Cryptos hot streak cools down as harsh winter descends

Crypto’s hot streak is cooling off as the harsh ‘winter’ drops

As prices fall, companies fall, and doubts grow, the hot rate producing bitcoin and other cryptocurrencies has become much colder.

The hot history of producing wealth for Bitcoin and other cryptocurrencies has become very cold.

As prices fall, companies fall, skepticism rises, wealth and jobs disappear overnight, and speculative speculation by investors is replaced by frozen calculations, in what industry leaders refer to as “the crypto winter.”

It is a dramatic change for investors and companies that by early 2022 are at the forefront of finance and culture. Crypto-evangelizing companies used ads during the Super Bowl and spent a lot of money to sponsor stadiums and baseball teams. The combined assets of the industry at that time were estimated to be worth more than $ 3 billion; today, they cost less than a third of that. It is possible.

On Monday, the price of Bitcoin traded at $ 20,097, more than 70% below November’s peak of $ 69,000. Another leading cryptocurrency, Ether, was trading near $ 4,800 at its peak in November; it is now less than $ 1,000.

Bitcoin and other cryptocurrency prices have been fluctuating throughout the year, a decline that has accelerated as the Federal Reserve indicates that interest rates will rise in an attempt to curb inflation. What is happening in crypto, in part, is an extreme version of what is happening in stocks, as investors sell risky assets at a time when the threat of economic downturn is rising.

But crypto sales are more than that, experts say; reflects the growing panic on Wall Street and Main Street about the foundations of the industry, which currently looks shaky.

“There was this ridiculous excitement,” Mark Hays told Americans for Financial Reform, a consumer advocacy group. “They did the same thing that led to the 2008 crisis: marketing these products violently, promising unreasonable benefits, ignoring the risks, and dismissing any criticism as irrelevant.”

Hays and others compared the collapse of the 2008 housing market, as the collapse of Bitcoin and other digital currencies was accompanied by changes in the crypto banking industry and a lack of directing guidance that created fears about how serious the damage could be. find out.

Unlike housing, the crypto industry is not big enough to cause major disruption to the broader economy or financial system, analysts say.

Recent events, however, have undermined the confidence of many investors:

– The so-called stablecoin Terra collapsed in a few days in May, extorting $ 40 billion from investor wealth. In the crypto business, stablecoins are marketed as a safe investment and each price is usually identified in a traditional financial instrument, such as the U.S. dollar. Terra instead relies on an algorithm to keep its price stable near $ 1 – and in part supports its value with Bitcoin.

– A company called Celsius Network, which operates as a crypto ownership bank, last week closed its 1.7 million customer accounts. Celsius took deposits, paid interest, and made loans and other investments with its customers’ money, at an estimated $ 10 billion. Unlike a real bank, there is no corporate insurance policy that reimburses these customer deposits.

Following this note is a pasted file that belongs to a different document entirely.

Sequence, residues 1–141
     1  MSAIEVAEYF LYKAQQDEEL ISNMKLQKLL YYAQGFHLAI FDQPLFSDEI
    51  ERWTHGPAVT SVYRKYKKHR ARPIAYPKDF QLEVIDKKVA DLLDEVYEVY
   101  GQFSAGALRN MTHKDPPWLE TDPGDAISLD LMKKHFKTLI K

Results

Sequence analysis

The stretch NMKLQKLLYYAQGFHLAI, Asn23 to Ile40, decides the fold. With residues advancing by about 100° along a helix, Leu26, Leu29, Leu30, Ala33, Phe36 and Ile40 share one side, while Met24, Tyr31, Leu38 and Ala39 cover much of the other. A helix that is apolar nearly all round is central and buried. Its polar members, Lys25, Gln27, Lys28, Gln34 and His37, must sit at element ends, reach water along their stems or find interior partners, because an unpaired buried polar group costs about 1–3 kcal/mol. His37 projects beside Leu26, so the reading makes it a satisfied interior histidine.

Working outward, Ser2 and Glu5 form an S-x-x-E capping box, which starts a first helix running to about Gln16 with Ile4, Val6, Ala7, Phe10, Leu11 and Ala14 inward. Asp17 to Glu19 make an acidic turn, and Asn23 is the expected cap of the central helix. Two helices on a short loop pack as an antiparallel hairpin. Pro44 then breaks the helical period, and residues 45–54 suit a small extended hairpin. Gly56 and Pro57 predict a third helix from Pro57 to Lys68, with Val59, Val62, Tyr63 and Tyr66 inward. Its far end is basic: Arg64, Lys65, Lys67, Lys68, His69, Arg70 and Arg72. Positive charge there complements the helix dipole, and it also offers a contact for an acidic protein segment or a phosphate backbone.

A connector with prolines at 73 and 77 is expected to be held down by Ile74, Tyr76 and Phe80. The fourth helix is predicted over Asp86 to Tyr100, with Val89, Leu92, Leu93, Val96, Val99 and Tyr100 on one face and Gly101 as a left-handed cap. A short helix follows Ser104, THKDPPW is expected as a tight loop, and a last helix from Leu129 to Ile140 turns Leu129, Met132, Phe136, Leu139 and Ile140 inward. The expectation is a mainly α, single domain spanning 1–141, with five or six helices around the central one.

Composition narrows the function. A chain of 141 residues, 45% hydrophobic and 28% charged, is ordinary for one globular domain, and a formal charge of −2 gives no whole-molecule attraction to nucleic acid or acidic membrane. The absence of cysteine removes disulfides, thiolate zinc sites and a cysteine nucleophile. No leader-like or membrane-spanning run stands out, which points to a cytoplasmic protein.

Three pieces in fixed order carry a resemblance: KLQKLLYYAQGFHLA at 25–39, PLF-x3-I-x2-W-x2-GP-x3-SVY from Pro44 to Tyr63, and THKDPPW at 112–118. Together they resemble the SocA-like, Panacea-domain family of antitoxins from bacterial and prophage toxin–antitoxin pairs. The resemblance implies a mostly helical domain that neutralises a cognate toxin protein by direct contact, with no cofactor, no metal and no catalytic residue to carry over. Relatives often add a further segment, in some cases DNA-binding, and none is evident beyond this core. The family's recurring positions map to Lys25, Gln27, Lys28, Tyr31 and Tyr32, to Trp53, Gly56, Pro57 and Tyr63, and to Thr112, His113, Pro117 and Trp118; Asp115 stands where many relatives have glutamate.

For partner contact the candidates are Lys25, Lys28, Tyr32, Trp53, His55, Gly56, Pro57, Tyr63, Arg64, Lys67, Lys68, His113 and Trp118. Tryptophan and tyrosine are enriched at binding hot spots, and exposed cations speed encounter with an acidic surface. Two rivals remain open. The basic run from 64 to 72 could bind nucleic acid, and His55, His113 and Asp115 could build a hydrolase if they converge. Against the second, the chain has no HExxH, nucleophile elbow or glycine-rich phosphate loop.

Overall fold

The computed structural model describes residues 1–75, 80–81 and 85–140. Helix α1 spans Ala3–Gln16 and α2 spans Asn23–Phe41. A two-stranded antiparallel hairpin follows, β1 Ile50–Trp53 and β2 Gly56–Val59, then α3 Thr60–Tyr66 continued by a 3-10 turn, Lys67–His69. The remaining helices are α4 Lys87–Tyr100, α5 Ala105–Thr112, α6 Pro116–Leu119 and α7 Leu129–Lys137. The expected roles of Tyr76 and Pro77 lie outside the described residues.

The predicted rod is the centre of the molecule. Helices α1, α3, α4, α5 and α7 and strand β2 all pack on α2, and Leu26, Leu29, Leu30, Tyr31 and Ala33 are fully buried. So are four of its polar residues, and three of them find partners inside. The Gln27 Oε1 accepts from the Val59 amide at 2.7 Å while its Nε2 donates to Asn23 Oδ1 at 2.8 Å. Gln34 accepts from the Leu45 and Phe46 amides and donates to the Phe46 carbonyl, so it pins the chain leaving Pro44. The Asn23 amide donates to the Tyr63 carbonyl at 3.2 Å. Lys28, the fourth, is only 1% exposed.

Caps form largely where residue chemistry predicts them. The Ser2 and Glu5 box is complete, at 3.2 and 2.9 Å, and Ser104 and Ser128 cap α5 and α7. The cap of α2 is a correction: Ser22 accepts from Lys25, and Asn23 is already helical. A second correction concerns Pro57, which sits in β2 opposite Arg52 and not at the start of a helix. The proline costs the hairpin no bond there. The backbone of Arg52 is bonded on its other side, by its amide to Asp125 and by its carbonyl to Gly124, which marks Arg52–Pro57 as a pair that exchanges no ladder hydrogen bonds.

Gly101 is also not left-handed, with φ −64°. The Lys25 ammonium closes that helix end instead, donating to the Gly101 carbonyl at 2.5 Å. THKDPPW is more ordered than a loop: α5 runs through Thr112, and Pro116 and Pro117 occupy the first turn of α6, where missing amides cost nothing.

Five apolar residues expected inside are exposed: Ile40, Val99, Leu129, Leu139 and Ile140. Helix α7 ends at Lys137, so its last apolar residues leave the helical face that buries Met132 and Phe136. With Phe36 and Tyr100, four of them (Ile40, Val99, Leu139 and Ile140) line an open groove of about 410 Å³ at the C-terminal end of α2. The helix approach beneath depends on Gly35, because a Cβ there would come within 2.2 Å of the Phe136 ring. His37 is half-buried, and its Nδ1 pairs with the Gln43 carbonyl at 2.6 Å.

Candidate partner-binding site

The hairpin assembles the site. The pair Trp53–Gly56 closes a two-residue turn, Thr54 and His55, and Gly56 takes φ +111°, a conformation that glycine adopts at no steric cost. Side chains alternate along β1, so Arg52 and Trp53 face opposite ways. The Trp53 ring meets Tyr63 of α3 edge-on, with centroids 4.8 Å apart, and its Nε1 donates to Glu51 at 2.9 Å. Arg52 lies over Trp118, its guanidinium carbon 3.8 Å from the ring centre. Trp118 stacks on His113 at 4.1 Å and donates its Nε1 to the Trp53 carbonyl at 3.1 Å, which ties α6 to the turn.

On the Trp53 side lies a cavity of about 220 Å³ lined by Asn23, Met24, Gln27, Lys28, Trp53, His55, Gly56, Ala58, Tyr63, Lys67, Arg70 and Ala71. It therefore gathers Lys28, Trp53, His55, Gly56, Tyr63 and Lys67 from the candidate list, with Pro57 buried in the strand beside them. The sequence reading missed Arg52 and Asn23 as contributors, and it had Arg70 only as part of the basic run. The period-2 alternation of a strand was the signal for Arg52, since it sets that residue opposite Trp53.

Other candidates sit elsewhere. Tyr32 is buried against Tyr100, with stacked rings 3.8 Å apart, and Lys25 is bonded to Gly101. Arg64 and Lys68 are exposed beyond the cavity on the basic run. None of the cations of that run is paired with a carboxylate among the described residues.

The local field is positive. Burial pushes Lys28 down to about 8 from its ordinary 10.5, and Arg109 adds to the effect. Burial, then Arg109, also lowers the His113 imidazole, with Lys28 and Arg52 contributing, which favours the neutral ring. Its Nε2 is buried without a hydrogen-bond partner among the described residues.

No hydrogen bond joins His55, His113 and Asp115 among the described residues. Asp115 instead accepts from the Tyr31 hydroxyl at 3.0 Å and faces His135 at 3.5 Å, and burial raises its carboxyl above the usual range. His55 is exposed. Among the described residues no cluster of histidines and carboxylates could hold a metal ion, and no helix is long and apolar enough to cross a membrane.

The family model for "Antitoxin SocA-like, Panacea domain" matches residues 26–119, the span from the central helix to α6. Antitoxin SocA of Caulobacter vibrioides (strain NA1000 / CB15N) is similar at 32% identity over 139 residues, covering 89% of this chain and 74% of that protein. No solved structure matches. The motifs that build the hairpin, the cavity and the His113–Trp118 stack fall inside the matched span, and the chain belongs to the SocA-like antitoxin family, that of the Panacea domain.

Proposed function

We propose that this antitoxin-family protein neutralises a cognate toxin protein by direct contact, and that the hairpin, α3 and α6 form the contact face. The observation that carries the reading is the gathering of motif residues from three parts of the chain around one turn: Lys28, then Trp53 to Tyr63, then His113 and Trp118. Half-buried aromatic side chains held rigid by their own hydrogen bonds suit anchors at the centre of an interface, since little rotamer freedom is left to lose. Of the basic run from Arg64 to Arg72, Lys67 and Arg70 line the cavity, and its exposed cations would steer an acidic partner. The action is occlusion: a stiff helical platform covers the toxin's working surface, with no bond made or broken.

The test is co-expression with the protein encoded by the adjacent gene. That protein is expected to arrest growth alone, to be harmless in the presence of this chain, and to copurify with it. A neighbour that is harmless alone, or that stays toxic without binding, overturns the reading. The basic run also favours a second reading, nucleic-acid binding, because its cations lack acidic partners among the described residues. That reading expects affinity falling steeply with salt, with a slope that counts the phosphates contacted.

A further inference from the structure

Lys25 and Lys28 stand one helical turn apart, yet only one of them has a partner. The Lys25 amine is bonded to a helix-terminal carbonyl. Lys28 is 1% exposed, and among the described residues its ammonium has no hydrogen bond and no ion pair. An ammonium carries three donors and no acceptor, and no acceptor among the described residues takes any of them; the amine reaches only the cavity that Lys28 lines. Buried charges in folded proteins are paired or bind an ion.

– Shortly after Celsius suspended accounts, the founder of Three Arrows Capital, a Singapore-based cryptocurrencies fund, spoke of rumors of its imminent collapse in an unintelligible tweet: “We are in the process of communicating with the appropriate organizations and fully committed.

Extended periods of stock uncertainty are called bear markets. In the crypto world, indicators are selling very fast in the HBO series “Game of Thrones,” which adds a stark warning: “winter is coming.”

Last week, the CEO and founder of Coinbase, one of the largest crypto trading companies, announced that the company would lay off about 18% of its employees, and said a broader economic downturn could make industry problems worse.

“The recession could lead to another crypto winter, and it could take a long time,” said CEO Brian Armstrong.

This is not the first crypto winter. In 2018, Bitcoin dropped from $ 20,000 to less than $ 4,000. But analysts say that this time you feel differently.

Hilary Allen, a law professor at the University of the United States who conducted research on cryptocurrencies, said she was not concerned about the recent industrial upheaval that results in a wider economy. However, among crypto investors, problems may mature under the surface.

“There are hedge funds with bank loans that have made crypto betting, for example,” he said.

And whenever investors borrow money to increase the size of their betting – something known in the financial world as ‘‘ leverage ’’ – there is concern that losses may accumulate quickly.

“People are trying to do analytics, but there is a lack of transparency and it is difficult to understand how much equity exists in the system,” said Stefan Coolican, a former investment banker and now a member of the advisory board at Ether Capital.

For these reasons, along with others, there has been a push in Washington to closely regulate the crypto industry, an effort to gain smoke.

“We believe the recent turmoil only emphasizes the urgent need for regulatory frameworks that reduce the risks posed by digital assets,” the Treasury said in a statement.

Amid all the cold warnings, however, hope remains unresolved for some crypto investors
Jake Greenbaum, a 31-year-old known as Crypto King on Twitter, said he recently lost at least $ 1 million in his crypto investment – “a good piece of my portfolio.” Although he believes that things can get worse before they get better, he does not give up.

Things look bad now, he said, “so that’s where you want to start going back”

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